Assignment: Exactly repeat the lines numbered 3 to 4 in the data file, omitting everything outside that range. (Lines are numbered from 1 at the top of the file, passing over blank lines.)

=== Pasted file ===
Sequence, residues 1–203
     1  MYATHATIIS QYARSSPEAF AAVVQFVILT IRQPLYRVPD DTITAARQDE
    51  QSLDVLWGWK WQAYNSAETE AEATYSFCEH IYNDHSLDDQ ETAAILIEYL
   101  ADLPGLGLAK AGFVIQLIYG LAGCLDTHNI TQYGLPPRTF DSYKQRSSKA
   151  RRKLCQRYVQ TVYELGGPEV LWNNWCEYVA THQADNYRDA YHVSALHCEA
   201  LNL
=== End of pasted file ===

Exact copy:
    51  QSLDVLWGWK WQAYNSAETE AEATYSFCEH IYNDHSLDDQ ETAAILIEYL
   101  ADLPGLGLAK AGFVIQLIYG LAGCLDTHNI TQYGLPPRTF DSYKQRSSKA